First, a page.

8. 1

      Q1: if you had to start over with a blank slate, how would you go about learning?

      A1: I would’ve kept it the same, but I would’ve done it with a lot more love and focus. I fell in love after a couple years of slogging and every year I spent not loving the craft is a year I regret. But I firmly believe that the moments you waste are important too, because they help you appreciate what you have that much more in hindsight and help guide you away from making bad choices.

      Q2: How would you go about learning data structures?

      A2: Simple data structures first, and gradually progress to more complex data structures. I would attempt to mock real world scenarios and see how certain data structures help aid you in those scenarios.

      Also, you wouldn’t learn to write a paragraph before learning how to write a sentence.

      Q3: How would you practice your skills?

      A3: I would write a lot of code that has the intent of having a purpose without worrying about whether or not I hit the mark. And after each failure I would learn from my mistakes and try again. If this process doesn’t hurt you, you’ve definitely found something you can love and enjoy for a long time.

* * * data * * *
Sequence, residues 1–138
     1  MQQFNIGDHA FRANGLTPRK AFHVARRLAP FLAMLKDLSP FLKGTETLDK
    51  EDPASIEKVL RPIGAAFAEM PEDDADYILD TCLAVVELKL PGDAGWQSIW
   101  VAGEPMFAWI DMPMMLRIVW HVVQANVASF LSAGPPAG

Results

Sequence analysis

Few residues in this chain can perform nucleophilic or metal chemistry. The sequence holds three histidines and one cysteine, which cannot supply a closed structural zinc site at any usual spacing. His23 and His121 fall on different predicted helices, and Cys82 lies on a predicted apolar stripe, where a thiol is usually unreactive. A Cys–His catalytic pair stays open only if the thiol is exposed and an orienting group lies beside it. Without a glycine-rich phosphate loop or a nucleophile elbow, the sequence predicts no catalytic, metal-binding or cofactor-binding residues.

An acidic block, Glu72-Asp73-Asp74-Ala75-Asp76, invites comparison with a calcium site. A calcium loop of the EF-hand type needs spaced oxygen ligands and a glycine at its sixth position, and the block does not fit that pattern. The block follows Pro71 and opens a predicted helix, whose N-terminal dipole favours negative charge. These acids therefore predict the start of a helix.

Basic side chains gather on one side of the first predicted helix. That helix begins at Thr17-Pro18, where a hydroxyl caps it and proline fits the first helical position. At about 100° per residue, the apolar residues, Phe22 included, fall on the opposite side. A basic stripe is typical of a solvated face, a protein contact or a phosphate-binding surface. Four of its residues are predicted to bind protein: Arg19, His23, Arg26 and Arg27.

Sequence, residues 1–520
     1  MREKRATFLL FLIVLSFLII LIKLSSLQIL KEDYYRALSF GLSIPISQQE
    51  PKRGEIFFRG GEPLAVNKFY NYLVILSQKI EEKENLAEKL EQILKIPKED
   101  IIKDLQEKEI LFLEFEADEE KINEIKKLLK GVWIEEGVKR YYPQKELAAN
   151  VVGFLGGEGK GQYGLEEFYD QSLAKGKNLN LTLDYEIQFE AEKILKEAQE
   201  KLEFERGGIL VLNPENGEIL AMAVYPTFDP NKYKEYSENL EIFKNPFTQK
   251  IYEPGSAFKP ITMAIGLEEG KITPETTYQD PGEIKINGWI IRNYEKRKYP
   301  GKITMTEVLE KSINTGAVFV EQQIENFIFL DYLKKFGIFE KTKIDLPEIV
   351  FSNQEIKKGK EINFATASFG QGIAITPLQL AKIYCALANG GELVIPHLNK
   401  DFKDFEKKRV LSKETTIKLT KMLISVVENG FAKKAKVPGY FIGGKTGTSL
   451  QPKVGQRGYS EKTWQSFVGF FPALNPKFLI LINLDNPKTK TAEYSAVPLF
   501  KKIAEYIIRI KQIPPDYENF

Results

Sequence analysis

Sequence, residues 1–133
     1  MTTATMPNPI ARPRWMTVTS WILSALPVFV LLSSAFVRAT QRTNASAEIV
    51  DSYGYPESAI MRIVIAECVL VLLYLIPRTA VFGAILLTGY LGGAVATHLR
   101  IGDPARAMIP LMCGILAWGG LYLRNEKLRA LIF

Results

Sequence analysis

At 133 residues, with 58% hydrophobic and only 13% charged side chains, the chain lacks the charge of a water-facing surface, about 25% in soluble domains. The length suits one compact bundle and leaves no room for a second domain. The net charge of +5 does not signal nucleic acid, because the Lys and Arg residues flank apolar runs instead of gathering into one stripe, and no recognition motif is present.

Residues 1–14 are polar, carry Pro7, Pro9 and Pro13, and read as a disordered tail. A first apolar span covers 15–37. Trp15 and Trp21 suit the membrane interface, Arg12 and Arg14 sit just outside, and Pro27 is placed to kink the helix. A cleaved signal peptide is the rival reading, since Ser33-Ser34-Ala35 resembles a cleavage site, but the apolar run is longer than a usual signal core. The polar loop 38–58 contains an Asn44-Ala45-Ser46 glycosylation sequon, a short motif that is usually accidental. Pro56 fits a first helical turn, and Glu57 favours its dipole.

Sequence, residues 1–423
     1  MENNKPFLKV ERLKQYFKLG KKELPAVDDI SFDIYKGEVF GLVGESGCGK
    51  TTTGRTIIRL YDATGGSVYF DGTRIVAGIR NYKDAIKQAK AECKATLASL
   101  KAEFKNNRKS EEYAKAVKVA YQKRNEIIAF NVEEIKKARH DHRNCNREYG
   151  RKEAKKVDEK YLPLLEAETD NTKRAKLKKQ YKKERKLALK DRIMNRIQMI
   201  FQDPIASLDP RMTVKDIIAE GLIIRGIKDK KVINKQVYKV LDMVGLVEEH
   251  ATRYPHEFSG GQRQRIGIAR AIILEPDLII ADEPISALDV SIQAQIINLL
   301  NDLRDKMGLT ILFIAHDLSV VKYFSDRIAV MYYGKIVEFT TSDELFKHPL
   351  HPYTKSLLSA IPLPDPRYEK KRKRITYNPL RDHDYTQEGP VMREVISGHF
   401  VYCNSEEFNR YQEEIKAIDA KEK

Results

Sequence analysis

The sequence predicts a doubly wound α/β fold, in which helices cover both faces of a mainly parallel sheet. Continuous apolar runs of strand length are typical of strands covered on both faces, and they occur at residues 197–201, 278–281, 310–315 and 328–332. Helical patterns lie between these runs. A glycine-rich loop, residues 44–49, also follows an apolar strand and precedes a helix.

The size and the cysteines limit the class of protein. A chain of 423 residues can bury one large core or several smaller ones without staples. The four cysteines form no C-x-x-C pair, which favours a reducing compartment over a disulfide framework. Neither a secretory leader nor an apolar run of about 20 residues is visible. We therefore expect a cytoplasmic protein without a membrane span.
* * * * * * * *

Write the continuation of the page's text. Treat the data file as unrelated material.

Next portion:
And honestly when I let myself have fun, I met other people who loved working hard and having fun too, and that made everything way more enjoyable. I have made a ton of mistakes, and I don’t regret a single one of them. To answer your question in the title, if I had a “redo” I would just try to make more mistakes and learn more.

    9. 3

      Forgotten most of this stuff since learned at university. I don’t know if this means it’s not applicable in modern programming, or I’m actually not doing ‘real’ CS after all. :S

      1. 0

        Computer Science has it’s differences from Software Engineering so I think you’re okay :)

    10. 4

      Hypothetical Situation:

      Heather Timmons: Hey! I just put together an article, I’m calling it “Alibaba has great gender diversity”